Improve your bass playing by learning from the best. Part of learning to play bass should include listening to and watching other great bassists. Try to incorporate their techniques, skills, styles, and sounds in to your own playing. In this Learn from the Best series we highlight James Jamerson – undeniably one of the greatest bass players of all time.
James Jamerson Career Highlights
- During the 1960’s and 1970’s Jamerson was a member of the “The Funk Brothers” – a group of studio musicians who worked for Barry Gordy to record the vast majority of songs on the Motown Label. Simply put, Jamerson was the bassist who created the Motown sound!
- He played bass on 30 songs that became number 1 hits on the pop charts – a record for the amount of number 1 hits produced for any recording artist! Among many others, these songs include…
- Stevie Wonder – “Signed, Sealed, Delivered I’m Yours”
- Martha and the Vandellas – “Dancing In The Street”
- Marvin Gaye – “I Heard It Through the Grapevine”
- The Four Tops – “Bernadette”
- The Supremes – “Baby Love”
- Smokey Robinson – “The Tears of a Clown”
- The Jackson 5 – “Darling Dear”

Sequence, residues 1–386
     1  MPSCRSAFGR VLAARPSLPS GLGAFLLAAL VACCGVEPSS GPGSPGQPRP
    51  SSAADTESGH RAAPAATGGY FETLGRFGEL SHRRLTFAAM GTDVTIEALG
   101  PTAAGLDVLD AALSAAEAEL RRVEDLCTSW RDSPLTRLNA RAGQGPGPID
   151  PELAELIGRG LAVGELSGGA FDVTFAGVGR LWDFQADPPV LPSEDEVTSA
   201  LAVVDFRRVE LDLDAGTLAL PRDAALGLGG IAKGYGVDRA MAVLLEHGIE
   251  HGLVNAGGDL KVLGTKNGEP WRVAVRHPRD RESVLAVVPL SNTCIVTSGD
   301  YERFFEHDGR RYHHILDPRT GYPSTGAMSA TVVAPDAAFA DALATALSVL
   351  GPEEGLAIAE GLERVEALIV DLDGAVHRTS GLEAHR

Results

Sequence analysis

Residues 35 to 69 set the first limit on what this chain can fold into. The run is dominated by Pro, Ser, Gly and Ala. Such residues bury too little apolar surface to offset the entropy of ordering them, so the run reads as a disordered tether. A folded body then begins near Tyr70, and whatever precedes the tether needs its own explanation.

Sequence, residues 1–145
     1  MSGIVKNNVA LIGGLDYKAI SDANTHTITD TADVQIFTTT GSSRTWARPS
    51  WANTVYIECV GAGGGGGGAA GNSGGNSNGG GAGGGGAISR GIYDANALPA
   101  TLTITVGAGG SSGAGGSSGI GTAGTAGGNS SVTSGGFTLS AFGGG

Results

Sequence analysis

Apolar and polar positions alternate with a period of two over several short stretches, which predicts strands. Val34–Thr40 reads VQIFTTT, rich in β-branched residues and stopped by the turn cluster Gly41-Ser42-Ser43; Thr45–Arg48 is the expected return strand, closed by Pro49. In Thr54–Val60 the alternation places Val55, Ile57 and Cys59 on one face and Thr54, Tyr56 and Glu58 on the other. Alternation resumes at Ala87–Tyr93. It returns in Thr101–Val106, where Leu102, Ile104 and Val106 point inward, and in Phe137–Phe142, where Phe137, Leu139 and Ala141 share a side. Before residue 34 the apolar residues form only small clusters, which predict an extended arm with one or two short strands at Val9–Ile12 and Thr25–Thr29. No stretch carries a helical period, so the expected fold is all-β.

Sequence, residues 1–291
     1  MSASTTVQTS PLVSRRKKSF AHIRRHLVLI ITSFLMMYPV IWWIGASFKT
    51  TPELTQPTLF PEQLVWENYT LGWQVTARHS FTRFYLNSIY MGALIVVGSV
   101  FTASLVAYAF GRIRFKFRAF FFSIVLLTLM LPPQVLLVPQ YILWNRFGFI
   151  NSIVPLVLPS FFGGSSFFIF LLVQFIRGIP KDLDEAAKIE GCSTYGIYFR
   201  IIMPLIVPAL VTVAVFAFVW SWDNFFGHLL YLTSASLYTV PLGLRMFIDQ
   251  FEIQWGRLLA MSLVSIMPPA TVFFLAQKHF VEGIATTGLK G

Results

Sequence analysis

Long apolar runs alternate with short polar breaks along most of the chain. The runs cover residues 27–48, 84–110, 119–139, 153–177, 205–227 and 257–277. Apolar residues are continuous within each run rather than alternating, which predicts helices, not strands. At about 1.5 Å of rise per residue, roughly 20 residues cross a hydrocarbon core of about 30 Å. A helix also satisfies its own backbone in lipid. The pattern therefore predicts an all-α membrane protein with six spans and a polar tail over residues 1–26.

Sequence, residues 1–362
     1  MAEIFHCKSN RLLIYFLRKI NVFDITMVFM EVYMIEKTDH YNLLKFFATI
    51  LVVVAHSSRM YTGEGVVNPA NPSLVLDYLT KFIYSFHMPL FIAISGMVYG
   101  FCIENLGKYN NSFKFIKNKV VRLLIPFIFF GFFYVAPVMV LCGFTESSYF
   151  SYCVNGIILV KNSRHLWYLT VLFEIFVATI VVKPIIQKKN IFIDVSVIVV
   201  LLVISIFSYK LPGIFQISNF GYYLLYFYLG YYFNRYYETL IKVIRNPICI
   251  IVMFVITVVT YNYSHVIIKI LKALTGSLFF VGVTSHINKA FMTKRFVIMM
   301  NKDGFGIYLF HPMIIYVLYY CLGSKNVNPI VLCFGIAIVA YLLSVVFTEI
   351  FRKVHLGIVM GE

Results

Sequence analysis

- Diana Ross and The Supremes – “Love Child”
- The Hues Corporation – “Rock the Boat”
- And many others!
- He also played bass on on nearly 70 number one hits on the R&B charts.
- During his post-Motown days during the 1970’s and 1980’s Jamerson continued to produce hits such as:
- “Neither One of Us” by Gladys Knight & The Pips
- “Boogie Down” (Eddie Kendricks, 1974),
- “Boogie Fever” (The Sylvers, 1976),
- “You Don’t Have to Be a Star (To Be in My Show)” (Marilyn McCoo and Billy Davis, Jr., 1976),
James Jamerson – Skills, Methods, Techniques and Innovations
- James Jamerson was a master at being able to play the right amount of notes at precisely the right time – which is precisely what being a great bass player is all about.
- Known as an originator of playing “ghost notes” – notes played softly as rhythmic stepping stones between more pronounced tones/beats. Today this is a staple for any bassists striving for a funky sound.
- Used a finger rake technique called “Dropping the Biscuit” to play notes across a scale or chord for smooth, rhythmic transitions between beats.
Impactful Quote from James Jamerson
“I’d hear the melody line from the lyrics and I’d build the bass line around that. I always tried to support the melody. I had to. I’d make it repetitious, but also add things to it. It was repetitious, but had to be funky and have emotion.”
Jeremy Kay covers how to get that James Jamerson “Motown bass sound”.
Andrew Ford details the “Dropping the Biscuit” technique:
Learn from the Best – James Jamerson